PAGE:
| The Neckar
Valley, in the north of the state, is a major wine-growing
region, with vineyards located around castles such as Gutenberg,
Hornberg and Hirschhorn, each of which
offers splendid views of the surrounding landscape.
To the east of the romantic university town of Heidelberg,
another scenic route begins, the 280km (175-mile) long Castle Road,
which leads to Nuremberg in Bavaria. This route
follows the river, branching off at Heilbronn and continuing east
to medieval places such as Rothenburg and Ansbach,
also across the state border in Bavaria.
Further to the south is the Swabian Jura, a limestone
plateau between the Black Forest and Europe’s
longest river, the Danube. Interesting places to
visit here include Hohenzollern Castle near Hechingen,
Beuren Abbey and the Bären Caves.
Picturesque towns include Urach and Kirchheim-unter-Teck.
Einstein’s birthplace, Ulm, houses the world’s
tallest cathedral spire (161m/528ft). Following the road from Ulm
one reaches Reutlingen and Blaubeuren,
with its fine abbey. Zwiefalten has remarkable Baroque church.
In the southwestern corner of the state, the Rhine
acts as a natural border between Germany, Germany and Switzerland.
To the east of the river lies the Black Forest
(Schwarzwald) where fine mountain scenery and beautifully situated
lakeside resorts like Titisee-Neustadt and Schluchsee
combine to make the area popular year round with walkers in summer
and skiers in winter. The historical character of the area is preserved
in the Black Forest Open Air Museum at Gutach.
The Romans first recognised the therapeutic powers of the Black
Forest’s springs. In addition to the region’s best-known
spa town, Baden-Baden, there are many other charming
villages and resorts in the surrounding area, principally Freudenstadt,
which claims to have more hours of sunshine than any other German
town. The climatic spa of Triberg has 162m (531ft)
high waterfalls and a swimming pool surrounded by evergreens.
The Black Forest’s chief spa, Baden-Baden,
was the summer capital of Europe during the last century. Travellers
still flock to this delightful town to ‘take the waters’,
which may be inhaled as a vapour, bathed in or simply drunk. Fortified
by the water’s therapeutic powers, one can take advantage
of Baden-Baden's many sporting facilities. For the less energetic,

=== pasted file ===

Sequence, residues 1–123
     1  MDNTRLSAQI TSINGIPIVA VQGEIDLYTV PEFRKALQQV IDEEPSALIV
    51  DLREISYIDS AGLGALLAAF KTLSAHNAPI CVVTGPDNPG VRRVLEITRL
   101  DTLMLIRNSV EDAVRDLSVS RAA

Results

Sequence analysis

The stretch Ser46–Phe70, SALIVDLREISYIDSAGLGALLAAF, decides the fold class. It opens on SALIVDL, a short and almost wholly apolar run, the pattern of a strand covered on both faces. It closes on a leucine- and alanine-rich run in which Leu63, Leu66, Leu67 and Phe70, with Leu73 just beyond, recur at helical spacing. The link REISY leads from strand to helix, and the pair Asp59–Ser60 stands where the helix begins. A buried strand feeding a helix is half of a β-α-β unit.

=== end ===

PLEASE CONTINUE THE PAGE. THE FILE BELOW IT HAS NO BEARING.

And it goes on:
the evening could be spent playing roulette or baccarat in a casino
which Marlene Dietrich herself regarded as the
most elegant in the world.
Other attractions include the Baroque Kleines Theater, National
Art Gallery, the Friedrichsbad Romano-Irish temple and
baths, the Margravial Palace (museum),
15th-century Collegiate Church, Russian Church, Romanesque
Chapel, parks and gardens, Lichtentaler Allee, tennis,
riding, 18-hole golf course, winter sports, international horseracing
weeks at Iffezheim and a modern congress hall.
Constance is a German university and cathedral town on the Bodensee
(Lake Constance) which has shores in Austria, Switzerland and the
Germany. Constance (Konstanz) is a frontier anomaly,
a German town on the Swiss side of the lake, completely surrounded
by Swiss territory except for a strip along the waterfront.
Attractions include the Konzilsgebäude, Renaissance
Town Hall, historic old Insel Hotel, Barbarossa-Haus,
Hus-Haus, and the old town fortifications Rheintorturm,
Pulverturm and Schnetztor. The town has
theatres, concert halls, a casino and hosts an international music
festival as well as the Seenachtfest, a lake festival.
Reichenau, an island with a famous monastery and
the island of Mainau, with stilted buildings, make
an interesting day trip.
The Bavarian town of Lindau is a former free imperial
city on an island in Lake Constance and has a medieval town centre
and an old Town Hall (1422-35).
Other attractions include Brigand’s Tower, Mang Tower
(old lighthouse), Cavazzen House (art collection),
Heidenmauer (wall), St Peter’s with Holbein
frescoes, harbour entry (new lighthouse), international casino,
and boat trips.
Opposite the town of Constance (Konstanz) is Meersburg,
an old town with 2 castles. Here there is also the German
Newspaper Museum which covers the history of the German-language
press on its 3 floors. The museum is only open in the summer. As
an area Lake Constance is the focal point of a delightful holiday
district, rich in art treasures and facilities for outdoor activities.
The Rheinfall (Rhine Falls) at Schaffhausen,